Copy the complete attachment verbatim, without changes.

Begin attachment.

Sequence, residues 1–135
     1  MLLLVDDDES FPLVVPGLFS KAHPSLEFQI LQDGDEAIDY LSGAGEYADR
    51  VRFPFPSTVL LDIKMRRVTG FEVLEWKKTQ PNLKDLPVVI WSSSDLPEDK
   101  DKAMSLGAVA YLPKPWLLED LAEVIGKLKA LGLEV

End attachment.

Sequence, residues 1–135
     1  MLLLVDDDES FPLVVPGLFS KAHPSLEFQI LQDGDEAIDY LSGAGEYADR
    51  VRFPFPSTVL LDIKMRRVTG FEVLEWKKTQ PNLKDLPVVI WSSSDLPEDK
   101  DKAMSLGAVA YLPKPWLLED LAEVIGKLKA LGLEV